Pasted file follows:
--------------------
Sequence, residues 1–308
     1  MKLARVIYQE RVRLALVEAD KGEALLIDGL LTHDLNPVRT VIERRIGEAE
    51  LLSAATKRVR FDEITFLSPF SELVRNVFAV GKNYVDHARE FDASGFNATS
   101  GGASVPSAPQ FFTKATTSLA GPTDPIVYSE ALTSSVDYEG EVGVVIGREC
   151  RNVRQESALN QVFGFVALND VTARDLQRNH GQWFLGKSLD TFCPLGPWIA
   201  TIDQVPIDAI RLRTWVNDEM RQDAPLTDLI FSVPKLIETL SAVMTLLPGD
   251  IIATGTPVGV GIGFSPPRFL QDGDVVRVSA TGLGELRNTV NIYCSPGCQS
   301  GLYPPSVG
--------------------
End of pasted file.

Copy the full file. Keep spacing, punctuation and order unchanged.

Sequence, residues 1–308
     1  MKLARVIYQE RVRLALVEAD KGEALLIDGL LTHDLNPVRT VIERRIGEAE
    51  LLSAATKRVR FDEITFLSPF SELVRNVFAV GKNYVDHARE FDASGFNATS
   101  GGASVPSAPQ FFTKATTSLA GPTDPIVYSE ALTSSVDYEG EVGVVIGREC
   151  RNVRQESALN QVFGFVALND VTARDLQRNH GQWFLGKSLD TFCPLGPWIA
   201  TIDQVPIDAI RLRTWVNDEM RQDAPLTDLI FSVPKLIETL SAVMTLLPGD
   251  IIATGTPVGV GIGFSPPRFL QDGDVVRVSA TGLGELRNTV NIYCSPGCQS
   301  GLYPPSVG